I didn’t think I would write about A Star Is Born, but two factors inspired me: for some reason the Academy largely dismissed it, and Bradley Cooper’s direction and musical ability are both much more impressive than I expected them to be. Actually, both Cooper and Lady Gaga are surprising. Cooper legitimately sells his performance as a damaged, albeit talented musician, while Gaga’s acting chops are never in question. The two make a great pairing, and their chemistry is undeniable.
A Star Is Born hooked me as soon as the two leads started hanging out, with Jackson (Cooper) drunkenly hitting on Ally (Gaga). The high point of the movie comes soon after, when Ally joins Jackson onstage for an impromptu performance of their first song together, “Shallow.” I’ve re-watched the scene a few times since watching the movie, and I’m sure I’ll return to it again. The first half of the movie is excellent, and the only real weak point in the second half is the introduction of a music producer who seems less like a character and more like a cardboard cutout designed to introduce conflict. Also, Sam Elliot deserves special mention for his role as Jackson’s brother/manager; his conflicts and eventual resolution with Jackson are some of the most compelling moments of the movie.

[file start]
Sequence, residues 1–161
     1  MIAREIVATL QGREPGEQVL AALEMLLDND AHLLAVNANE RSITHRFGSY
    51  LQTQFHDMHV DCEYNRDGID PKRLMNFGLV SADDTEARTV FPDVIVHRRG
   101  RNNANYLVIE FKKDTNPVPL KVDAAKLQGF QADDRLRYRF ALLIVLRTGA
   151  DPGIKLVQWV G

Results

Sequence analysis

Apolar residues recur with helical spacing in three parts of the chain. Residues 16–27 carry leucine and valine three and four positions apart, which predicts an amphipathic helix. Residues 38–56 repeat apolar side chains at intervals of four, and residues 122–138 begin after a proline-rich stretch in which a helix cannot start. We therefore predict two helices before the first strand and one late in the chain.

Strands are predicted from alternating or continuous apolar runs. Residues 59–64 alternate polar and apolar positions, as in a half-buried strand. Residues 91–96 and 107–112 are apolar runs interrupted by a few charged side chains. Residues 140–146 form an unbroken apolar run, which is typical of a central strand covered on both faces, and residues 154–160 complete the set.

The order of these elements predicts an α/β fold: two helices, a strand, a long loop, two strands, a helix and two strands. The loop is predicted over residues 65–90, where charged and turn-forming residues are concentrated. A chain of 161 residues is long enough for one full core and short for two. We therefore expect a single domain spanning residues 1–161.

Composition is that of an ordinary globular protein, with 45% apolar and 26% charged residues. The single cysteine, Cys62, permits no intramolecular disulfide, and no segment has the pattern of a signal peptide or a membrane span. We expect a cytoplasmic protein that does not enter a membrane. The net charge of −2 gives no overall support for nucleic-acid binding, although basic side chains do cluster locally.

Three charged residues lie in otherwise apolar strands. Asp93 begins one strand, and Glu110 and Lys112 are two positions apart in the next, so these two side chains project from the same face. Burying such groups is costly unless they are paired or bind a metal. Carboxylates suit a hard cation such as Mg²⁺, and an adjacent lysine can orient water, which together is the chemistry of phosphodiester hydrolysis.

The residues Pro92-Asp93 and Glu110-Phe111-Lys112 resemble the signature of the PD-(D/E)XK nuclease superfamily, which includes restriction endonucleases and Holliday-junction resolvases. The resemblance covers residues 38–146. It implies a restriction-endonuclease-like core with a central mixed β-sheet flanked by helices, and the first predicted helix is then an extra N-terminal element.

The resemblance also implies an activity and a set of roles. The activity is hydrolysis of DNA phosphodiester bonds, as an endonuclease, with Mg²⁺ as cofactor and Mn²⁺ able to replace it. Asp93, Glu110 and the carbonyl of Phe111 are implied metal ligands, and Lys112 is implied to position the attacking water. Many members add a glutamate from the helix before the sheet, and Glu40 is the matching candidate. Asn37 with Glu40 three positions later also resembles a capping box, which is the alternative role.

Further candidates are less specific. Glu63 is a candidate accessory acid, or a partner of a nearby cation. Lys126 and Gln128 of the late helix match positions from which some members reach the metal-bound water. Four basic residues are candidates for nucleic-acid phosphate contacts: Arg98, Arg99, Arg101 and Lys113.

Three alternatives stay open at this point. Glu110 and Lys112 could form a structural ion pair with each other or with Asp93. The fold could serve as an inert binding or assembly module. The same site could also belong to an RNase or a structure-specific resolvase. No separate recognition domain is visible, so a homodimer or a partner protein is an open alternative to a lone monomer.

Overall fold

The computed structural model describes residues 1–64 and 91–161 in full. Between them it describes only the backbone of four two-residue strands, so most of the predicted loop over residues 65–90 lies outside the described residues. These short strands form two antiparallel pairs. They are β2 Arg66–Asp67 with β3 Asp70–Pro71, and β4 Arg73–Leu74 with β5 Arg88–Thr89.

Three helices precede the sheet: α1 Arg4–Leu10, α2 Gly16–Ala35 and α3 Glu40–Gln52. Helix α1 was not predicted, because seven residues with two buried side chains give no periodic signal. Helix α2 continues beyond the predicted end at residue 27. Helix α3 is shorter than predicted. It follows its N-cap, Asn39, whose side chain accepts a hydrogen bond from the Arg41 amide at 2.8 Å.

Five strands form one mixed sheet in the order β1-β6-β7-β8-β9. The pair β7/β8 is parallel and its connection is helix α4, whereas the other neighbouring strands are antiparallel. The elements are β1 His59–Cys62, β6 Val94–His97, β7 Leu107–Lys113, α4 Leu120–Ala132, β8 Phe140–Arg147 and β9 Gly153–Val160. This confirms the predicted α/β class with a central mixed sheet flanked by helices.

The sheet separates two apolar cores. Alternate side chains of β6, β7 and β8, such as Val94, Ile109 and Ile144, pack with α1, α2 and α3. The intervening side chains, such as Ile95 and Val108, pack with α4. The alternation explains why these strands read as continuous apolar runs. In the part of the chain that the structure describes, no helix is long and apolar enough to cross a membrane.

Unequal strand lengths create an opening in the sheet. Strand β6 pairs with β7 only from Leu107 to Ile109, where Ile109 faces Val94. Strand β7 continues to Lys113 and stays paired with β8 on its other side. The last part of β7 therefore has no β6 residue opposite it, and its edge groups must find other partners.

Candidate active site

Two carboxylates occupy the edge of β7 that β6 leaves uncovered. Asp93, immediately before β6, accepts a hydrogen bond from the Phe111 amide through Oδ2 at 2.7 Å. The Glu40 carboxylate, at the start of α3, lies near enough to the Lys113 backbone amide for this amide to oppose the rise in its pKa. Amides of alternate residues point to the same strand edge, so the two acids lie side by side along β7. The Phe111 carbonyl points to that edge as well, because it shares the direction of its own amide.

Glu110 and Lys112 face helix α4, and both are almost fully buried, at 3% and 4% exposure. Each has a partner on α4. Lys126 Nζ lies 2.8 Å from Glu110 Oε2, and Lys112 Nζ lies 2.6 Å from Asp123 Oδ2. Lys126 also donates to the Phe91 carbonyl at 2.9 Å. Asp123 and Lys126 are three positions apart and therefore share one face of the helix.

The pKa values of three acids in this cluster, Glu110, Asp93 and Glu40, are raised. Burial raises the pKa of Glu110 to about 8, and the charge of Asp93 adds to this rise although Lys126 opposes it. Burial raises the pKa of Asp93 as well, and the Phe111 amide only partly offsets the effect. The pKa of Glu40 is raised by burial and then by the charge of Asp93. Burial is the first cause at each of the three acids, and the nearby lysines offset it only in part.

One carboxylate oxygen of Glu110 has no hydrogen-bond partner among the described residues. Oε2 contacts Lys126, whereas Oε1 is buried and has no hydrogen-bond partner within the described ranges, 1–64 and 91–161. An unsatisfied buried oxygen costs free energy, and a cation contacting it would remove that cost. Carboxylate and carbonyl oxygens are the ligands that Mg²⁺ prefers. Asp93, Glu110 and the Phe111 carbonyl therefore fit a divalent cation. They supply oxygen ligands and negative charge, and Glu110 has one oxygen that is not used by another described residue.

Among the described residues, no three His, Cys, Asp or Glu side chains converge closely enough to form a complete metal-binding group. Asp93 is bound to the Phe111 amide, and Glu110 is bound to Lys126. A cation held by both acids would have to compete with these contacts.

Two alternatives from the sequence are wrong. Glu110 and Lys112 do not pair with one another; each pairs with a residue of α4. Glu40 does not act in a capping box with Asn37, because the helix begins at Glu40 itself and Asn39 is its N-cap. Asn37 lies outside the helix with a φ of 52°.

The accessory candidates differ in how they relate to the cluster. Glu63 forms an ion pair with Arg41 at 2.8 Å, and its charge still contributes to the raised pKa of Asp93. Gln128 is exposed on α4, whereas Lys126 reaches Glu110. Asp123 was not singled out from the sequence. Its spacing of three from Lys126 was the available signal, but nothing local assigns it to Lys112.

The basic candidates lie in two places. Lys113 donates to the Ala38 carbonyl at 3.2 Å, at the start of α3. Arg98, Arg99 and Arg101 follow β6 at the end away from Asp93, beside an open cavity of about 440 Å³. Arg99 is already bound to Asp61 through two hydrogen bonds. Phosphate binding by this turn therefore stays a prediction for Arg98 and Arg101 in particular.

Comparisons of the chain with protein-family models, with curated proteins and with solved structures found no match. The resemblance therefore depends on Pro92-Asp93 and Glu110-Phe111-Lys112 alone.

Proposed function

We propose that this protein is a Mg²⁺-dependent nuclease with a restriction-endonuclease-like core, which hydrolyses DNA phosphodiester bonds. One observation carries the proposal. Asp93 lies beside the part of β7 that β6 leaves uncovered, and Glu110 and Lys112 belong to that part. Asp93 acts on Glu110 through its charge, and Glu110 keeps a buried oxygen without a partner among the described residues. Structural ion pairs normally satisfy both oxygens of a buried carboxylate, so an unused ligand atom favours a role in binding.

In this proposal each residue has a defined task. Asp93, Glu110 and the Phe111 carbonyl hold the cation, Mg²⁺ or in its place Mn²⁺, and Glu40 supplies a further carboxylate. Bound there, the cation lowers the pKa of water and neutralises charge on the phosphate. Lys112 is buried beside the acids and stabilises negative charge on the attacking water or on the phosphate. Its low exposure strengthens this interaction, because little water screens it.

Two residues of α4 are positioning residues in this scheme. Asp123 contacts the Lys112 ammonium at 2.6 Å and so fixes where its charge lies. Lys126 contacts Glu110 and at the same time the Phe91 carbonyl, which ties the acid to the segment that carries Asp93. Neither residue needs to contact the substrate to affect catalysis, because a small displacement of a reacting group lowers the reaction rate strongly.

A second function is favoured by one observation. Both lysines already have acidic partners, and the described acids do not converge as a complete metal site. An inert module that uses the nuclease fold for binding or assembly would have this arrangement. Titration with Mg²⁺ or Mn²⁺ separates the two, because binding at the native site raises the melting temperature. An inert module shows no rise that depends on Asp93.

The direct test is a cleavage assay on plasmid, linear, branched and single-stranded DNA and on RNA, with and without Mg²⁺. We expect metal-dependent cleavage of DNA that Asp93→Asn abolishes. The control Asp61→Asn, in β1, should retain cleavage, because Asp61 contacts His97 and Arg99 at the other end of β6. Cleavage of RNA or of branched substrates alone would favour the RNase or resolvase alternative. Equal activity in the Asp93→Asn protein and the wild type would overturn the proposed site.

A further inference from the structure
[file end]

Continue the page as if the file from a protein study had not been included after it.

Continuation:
A Star Is Born works as both a music picture and a romance. It may be a remake of a remake, but it feels fresh thanks to its two charismatic leads. I don’t know why or how Bohemian Rhapsody stole the spotlight that A Star Is Born should be occupying. No matter, because movie and music fans are both lucky that Cooper and Gaga jumped off the deep end and let us watch as they dove in.